I seem to have dropped off the face of the earth, rants about pinknausea notwithstanding. I’ve been trying to figure out why I don’t feel like talking right now, and it seems to come down to chemo. (Doesn’t it always?)
Starting actual chemo again (vs. a clinical trial or biologic or something) threw me for a loop. Apparently I’ve blacked out how crummy I feel after infusions, because when I collapsed into bed at 5:30 on day 3 of the last cycle, I was surprised. Mr. Wonderful said, “Don’t you remember? This is usually the time you start feeling like crap,” but I had forgotten it. Like how you swear immediately after giving birth that you will never, ever, ever do that again, then twelve months later you’re all, “Let’s have another one!”
So I spent day 4 and 5 in bed, me and the cat and the Compazine, and by the end of the weekend I started to feel like myself again. But apparently aging your body forty years in four years has some drawbacks, and I no longer rebound like I did in 2006. I’ve been having trouble just getting out from under the coughing courtesy of Estes Park’s elevation, and still haven’t resumed my exercise schedule. My lungs don’t like it, not one little bit – not even climbing the stairs, and last night Mr. W and I had a giggle at me huffing and puffing after pulling off a tight long-sleeved t-shirt.
Now I’m at The Cancer Factory for Cycle 2, and anticipating another week of feeling lousy. But why that has to send me into hiding for the next two weeks as well, I can’t figure out. I’ve turned into a terrible phone friend, forgetting to return messages and schedule dates. Some days I just drift along until it’s time to get into bed again, and that’s about all I can handle. But other days I’m doing my little suburban-mommy thing, driving and shopping and cooking and all, yet I still can’t manage to get my head out of my domestic bubble.
So I guess this column is a sort of apology, to those I owe phone calls to, or to those with whom I made tentative plans and then never followed up. It’s not you, it’s me. It’s taken me two years of therapy to be able to accept these words and feel comfortable saying them: I’m doing the best I can.
Photo courtesy here.
I left a whole bunch of things at home this morning as I rushed out of the house ten minutes behind schedule, and only realized my mistake(s) as I was merging onto the Mass Pike. I called home to ask Mr. Wonderful to email me the shopping list so I could stop on my way home. Being the Mr. W that he is, and since he was coming downtown anyway for a meeting, he offered to bring the other stuff to me at The Cancer Factory. Timing was tricky, as I was running back and forth between two buildings for appointments that couldn’t seem to start on time, but someone smiled on me, and he pulled in just as I was dashing back across the street for my CT scan.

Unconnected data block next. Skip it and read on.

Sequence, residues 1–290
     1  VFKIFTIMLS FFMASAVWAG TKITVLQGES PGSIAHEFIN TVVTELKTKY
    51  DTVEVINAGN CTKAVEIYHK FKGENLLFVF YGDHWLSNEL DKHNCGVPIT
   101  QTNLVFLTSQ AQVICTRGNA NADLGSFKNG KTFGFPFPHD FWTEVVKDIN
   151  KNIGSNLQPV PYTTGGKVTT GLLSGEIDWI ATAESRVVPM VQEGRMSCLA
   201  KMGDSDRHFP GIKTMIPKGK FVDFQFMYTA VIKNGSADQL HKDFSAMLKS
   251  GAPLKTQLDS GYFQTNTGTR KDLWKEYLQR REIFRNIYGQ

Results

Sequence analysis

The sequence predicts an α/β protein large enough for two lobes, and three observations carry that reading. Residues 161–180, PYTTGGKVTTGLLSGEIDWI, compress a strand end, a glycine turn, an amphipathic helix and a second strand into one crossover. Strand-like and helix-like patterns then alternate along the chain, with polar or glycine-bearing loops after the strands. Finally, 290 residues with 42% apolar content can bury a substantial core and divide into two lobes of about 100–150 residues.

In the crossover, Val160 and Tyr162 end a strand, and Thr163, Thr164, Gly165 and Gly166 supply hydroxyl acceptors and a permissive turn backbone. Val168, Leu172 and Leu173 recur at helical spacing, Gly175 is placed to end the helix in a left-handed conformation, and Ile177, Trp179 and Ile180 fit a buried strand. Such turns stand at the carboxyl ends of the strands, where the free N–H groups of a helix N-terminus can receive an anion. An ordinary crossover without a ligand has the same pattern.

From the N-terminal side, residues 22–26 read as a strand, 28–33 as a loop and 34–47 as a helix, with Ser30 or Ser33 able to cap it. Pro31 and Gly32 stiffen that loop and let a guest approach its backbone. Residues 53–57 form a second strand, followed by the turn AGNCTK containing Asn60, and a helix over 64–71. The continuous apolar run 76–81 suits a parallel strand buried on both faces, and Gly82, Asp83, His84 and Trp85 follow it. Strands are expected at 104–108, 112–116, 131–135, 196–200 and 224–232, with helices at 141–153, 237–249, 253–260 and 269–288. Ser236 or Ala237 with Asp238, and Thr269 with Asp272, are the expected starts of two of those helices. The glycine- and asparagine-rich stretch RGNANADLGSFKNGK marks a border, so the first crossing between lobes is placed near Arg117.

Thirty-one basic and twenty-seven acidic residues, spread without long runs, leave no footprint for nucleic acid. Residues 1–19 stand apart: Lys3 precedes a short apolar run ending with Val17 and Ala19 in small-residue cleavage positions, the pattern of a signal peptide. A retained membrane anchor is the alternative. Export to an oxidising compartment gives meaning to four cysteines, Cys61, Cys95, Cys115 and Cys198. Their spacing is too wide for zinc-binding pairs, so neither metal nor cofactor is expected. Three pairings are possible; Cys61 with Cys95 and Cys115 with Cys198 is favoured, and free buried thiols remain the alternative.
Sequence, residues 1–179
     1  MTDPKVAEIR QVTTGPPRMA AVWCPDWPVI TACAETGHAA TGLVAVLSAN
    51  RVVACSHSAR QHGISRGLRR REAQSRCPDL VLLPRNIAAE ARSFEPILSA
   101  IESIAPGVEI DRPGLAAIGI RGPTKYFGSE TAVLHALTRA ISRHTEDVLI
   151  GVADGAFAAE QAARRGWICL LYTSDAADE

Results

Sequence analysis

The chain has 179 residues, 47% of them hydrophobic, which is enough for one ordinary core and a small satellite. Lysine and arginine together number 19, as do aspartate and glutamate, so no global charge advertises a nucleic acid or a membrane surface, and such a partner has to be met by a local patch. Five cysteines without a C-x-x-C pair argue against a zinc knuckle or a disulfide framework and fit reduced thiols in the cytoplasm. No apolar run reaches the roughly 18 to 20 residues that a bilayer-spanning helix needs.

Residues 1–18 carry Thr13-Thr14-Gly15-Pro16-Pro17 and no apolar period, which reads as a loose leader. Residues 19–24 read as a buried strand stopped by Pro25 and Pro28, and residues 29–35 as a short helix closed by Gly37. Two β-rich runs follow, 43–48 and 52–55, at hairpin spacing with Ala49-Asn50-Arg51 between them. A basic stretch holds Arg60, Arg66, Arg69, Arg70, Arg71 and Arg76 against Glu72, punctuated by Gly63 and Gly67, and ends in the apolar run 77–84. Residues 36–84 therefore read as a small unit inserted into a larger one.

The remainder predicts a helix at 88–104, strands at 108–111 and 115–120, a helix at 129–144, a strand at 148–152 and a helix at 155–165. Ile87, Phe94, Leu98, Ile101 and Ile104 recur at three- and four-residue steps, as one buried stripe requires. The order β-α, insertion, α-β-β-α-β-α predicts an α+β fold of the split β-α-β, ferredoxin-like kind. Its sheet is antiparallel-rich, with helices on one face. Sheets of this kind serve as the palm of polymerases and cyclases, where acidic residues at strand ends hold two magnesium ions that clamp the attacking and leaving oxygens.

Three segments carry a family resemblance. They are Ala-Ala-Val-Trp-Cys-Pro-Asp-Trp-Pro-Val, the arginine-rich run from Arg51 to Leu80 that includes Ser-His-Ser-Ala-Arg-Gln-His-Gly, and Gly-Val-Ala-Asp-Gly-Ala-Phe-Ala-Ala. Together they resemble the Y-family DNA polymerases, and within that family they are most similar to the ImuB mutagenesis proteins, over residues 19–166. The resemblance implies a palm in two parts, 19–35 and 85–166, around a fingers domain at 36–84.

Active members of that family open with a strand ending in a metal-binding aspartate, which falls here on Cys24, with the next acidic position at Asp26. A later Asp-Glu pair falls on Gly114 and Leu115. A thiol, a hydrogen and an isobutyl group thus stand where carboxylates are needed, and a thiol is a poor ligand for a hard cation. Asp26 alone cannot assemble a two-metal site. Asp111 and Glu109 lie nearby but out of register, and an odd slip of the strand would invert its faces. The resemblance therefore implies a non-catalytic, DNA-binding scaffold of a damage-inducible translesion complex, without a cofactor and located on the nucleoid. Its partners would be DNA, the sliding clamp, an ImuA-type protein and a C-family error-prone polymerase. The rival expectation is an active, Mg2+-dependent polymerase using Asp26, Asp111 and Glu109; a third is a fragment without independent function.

Short story long, he brought me the things I had forgotten, packed in a little reusable bag from lululemon (a store at which I hope to spend a lot on exercise clothing in the future). Printed all over one side of the bag are inspirational quotes, admonishments to carpe diem, etc. One specific line caught my eye: “Life is full of setbacks. Success is determined by how you handle setbacks.”
Particularly poignant this week. Yesterday I cornered a despondent and stomping #1 Son, grouchy because his brother hadn’t wanted to play outside with the dog with him. From somewhere deep within the storage pool of mothering instinct came the line, “You can’t let your happiness depend on the actions of other people. They all have their own thoughts, their own desires, and they can do as they please. If you can’t be happy unless they do exactly as you wish, you’ll always be disappointed. Be happy with your own actions, and let that be enough.” (I have no idea where I got that from, as I can be quite susceptible to the problem at hand myself, but it sure sounded good. I should probably needlepoint it on a pillow.)
It’s been a tough week to be me. Although both kids have been in school five days, for six hours at a stretch, by Tuesday night I had come down with the week-off-the-mystery-drug-fever again, and felt like a sodden lump of sand. A “quick” four-hour trip down here on Wednesday for two types of blood draws and pee-in-a-cup showed no reason why I should have a fever. Nonetheless, by mid-afternoon I’ve been ready for bed, which did not accommodate yesterday’s pot of chicken-noodle soup (I had to do something with Monday’s leftovers) nor the 6-to-7:30 soccer-clinic-on-the-complete-opposite-side-of-town-in-a-downpour-wait-in-the-van nightmare. By 8PM I was fish food.